Juniperus squamata 'Meyeri'
Common Name: singleseed juniper
Type: Needled evergreen
Family: Cupressaceae
Zone: 4 to 7
Height: 5.00 to 8.00 feet
Spread: 4.00 to 7.00 feet
Bloom Time: Flowers not showy
Bloom Description: Non-flowering
Sun: Full sun
Water: Medium
Maintenance: Low
Leaf: Evergreen
Attracts: Birds
Fruit: Showy
Other: Winter Interest
Tolerate: Deer, Drought, Erosion, Dry Soil, Shallow-Rocky Soil, Air Pollution

Culture

Grow in average, medium moisture, well-drained soils in full sun. Adapts to a wide range of soils. Performs well in dryish, sandy soils with good drainage. Somewhat intolerant of the hot and humid growing conditions of the deep South. Intolerant of wet soils. Generally needs no pruning, but plant height can be controlled over time if desired by pruning.

Noteworthy Characteristics

Juniperus squamata is commonly called singleseed juniper because each fleshy, elliptic, blackish, berry-like seed cone it produces contains only one seed. It is native to mountainous areas from Afghanistan to China and Taiwan. It grows somewhat variably in the wild, from prostrate ground cover to spreading shrub to upright shrub/small tree. Awl-shaped, sharply-pointed, gray-green to blue-green needles (to 5/16” long) appear in whorls of three. Each needle has a gray-white band. 'Meyeri’ is an upright, bushy, female cultivar that is often commonly called Meyer, fishback or fishtail juniper. It typically grows to 5’ tall by 4’ wide, but may over time grow to 15’ tall or more. It is noted for its attractive steel-blue foliage. Unfortunately, plant foliage tends to lose some of its ornamental interest over time because dead needles turn brown but remain on the plant. Specific epithet comes from the Latin word for scale in reference to the scaly brown bark of plants in the species. Cultivar name honors Frank Nicholas Meyer (1875-1918) who collected plants in Eastern Asia for the USDA during the early part of the 20th century.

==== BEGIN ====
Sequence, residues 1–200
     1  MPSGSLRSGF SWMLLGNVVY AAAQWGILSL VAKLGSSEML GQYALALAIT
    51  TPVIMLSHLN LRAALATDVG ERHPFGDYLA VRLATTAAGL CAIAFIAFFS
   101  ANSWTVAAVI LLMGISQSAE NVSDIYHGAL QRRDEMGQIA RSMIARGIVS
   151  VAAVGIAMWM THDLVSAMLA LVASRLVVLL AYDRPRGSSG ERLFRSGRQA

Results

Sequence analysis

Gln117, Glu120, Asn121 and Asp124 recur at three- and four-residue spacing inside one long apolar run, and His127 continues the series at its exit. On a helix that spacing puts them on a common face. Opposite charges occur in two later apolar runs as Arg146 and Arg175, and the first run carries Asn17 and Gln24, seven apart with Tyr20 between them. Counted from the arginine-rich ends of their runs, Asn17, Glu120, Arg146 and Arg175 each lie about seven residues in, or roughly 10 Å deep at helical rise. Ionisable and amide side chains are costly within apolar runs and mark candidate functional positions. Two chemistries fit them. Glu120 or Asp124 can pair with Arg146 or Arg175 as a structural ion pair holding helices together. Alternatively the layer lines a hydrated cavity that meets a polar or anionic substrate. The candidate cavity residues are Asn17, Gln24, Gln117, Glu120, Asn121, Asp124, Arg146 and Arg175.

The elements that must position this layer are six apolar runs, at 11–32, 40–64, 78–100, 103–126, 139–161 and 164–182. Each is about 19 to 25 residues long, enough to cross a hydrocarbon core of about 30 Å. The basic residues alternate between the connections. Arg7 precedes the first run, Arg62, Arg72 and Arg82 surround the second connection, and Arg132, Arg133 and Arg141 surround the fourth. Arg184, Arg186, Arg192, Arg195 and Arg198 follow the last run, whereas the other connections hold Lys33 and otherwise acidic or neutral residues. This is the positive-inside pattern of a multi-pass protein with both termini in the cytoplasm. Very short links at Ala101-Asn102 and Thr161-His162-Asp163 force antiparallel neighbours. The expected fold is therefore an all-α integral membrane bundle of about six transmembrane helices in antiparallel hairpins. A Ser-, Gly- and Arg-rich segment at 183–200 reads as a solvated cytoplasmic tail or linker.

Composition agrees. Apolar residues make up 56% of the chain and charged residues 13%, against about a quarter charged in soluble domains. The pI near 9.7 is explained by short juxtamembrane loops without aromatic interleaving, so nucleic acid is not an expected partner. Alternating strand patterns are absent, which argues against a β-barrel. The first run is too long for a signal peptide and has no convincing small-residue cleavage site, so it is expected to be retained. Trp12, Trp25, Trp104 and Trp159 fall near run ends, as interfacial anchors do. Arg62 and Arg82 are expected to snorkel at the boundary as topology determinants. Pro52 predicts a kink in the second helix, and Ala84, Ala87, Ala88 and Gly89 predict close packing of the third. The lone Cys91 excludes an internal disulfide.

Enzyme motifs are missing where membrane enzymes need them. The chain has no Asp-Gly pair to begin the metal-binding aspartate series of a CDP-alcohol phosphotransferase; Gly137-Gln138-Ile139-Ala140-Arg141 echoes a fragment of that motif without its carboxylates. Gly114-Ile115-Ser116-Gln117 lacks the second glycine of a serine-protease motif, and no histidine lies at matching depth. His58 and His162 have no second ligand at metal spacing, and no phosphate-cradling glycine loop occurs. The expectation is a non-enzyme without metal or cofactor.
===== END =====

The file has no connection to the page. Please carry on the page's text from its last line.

Problems

No serious insect or disease problems. Junipers are generally susceptible to blights (dieback of stem tips), particularly in unusually rainy/wet springs. Phomopsis twig blight is of particular concern. Cedar-apple and related rust diseases spend part of their life cycle on junipers. Root rot may occur, particularly in wet, poorly drained soils. Occasional insect pests include aphids, bagworms, twig borers, webworms and scale. Watch for spider mites. Foliage may discolor in winter.

Garden Uses

Foundations, borders.